• A strong academic record, preferably with some distinguishing work done in major field; GPA 3.5 minimum for Udall is 3.0; winners have averaged a GPA of 3.7
  • US citizens, U.S. Nationals, or U.S. permanent residents who intend to become U.S. citizens
  • Mount Holyoke College may nominate six candidates for the Udall Scholarship
  • Demonstrated leadership, commitment, integrity, and service. The foundation motto is: Civility, integrity, consensus.
How to apply
The online application opens on October 1st. Students who wish to apply should contact Christine Overstreet to register them in the online system and to receive support in preparing application materials for submission to the Committee on Fellowships. The Committee, made up of four faculty members chaired by the Dean of Studies, reviews applications, interviews each candidate, and decides which candidate(s) will be nominated by the College for the Udall Scholarship. Nominees will then revise their application materials as suggested by the Committee, and submit them in the online system. Christine will then submit the nominations. Senior Administrative Assistant Marianne Taylor maintains application materials, schedules interviews, and co-facilitates the application process.
Application components
  • An 11-question online application form  (includes several short essay questions)
  • An 800 word essay on a speech, legislative act, book, or public policy statement by either Morris K. Udall or Stewart L. Udall and its impact on your interests and goals
  • Official copies of your transcript(s) including college level work at institutions other than MHC – most study abroad program grades do not appear on your MHC transcript and no grades from domestic institutions will appear, so students must order official transcripts from those institutions to be sent directly to Christine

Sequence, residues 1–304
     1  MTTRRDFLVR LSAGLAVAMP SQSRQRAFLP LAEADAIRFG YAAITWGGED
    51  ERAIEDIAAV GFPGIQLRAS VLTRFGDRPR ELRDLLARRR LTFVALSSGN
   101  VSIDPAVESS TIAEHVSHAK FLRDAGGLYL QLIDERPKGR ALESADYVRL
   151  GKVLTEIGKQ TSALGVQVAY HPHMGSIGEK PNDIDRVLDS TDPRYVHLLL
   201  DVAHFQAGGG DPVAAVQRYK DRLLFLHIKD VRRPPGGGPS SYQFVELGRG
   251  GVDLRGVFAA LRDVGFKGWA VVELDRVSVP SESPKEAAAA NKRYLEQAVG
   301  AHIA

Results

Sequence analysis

• Three recommendation letters from faculty members, staff, internship supervisors, or program advisors
Campus Process and Checklist
Please note that for all deadlines, submission time is 12:00 noon

Timeframe Task(s) to Complete
Summer prior to application begin reading documents by Morris Udall and Stewart Udall available through the Foundation website
October request registration for online application from FA
November attend campus Udall Information Session
By December 1 send FA answers to application questions and a copy of your essay for feedback, if desired
  request recommendations from faculty members to be sent to FA for February 3rd deadline; remind them in January
Early January order official transcripts from all undergraduate study sources to be sent directly to FA
February 3 submit application materials to FA for distribution to Committee on Fellowships
February 18-21 candidates interview with Committee on Fellowships; nominated candidates revise applications accordingly
March 5 FA submits applications, transcripts, and recommendations
April 15 selected candidates notified
August 5-10 winners must attend Scholar Orientation Week in Tucson